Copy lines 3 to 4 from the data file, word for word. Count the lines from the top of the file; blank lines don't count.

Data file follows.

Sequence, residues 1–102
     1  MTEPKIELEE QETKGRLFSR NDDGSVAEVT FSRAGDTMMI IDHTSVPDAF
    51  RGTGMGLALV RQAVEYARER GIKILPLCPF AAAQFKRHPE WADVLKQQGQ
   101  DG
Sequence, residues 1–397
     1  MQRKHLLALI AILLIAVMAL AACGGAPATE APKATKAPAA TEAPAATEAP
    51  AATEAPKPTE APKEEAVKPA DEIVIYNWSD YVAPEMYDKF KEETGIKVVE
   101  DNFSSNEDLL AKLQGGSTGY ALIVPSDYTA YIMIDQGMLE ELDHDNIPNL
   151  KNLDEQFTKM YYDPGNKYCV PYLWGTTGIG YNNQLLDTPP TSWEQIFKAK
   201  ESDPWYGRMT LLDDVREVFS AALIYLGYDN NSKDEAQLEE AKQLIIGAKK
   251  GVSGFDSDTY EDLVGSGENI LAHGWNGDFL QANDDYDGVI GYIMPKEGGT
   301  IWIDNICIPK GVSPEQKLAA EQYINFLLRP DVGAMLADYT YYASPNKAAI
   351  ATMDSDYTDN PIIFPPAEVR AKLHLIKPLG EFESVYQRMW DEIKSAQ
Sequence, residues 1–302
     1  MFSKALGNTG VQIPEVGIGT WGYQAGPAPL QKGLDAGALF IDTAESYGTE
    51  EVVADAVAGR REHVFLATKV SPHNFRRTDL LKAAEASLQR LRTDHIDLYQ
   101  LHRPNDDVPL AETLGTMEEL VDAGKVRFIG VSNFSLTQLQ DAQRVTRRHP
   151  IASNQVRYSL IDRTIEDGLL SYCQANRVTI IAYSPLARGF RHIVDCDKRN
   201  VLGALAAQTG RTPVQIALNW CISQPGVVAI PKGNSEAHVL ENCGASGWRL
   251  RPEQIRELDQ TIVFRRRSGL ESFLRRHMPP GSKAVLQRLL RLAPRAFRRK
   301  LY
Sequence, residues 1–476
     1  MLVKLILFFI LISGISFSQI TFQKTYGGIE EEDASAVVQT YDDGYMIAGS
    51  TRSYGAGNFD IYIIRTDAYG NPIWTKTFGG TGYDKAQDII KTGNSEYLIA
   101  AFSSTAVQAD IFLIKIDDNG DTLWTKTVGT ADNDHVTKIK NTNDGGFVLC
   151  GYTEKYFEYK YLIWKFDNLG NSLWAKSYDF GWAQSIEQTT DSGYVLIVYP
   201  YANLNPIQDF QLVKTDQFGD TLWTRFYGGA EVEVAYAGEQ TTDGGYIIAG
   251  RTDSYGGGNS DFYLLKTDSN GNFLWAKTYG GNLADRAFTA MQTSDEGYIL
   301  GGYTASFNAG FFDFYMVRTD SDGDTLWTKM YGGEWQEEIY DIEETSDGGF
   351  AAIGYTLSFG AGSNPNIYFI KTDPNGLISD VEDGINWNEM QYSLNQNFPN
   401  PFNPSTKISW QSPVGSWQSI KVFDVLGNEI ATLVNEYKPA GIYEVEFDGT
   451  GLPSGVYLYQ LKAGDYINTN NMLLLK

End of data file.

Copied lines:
    51  RGTGMGLALV RQAVEYARER GIKILPLCPF AAAQFKRHPE WADVLKQQGQ
   101  DG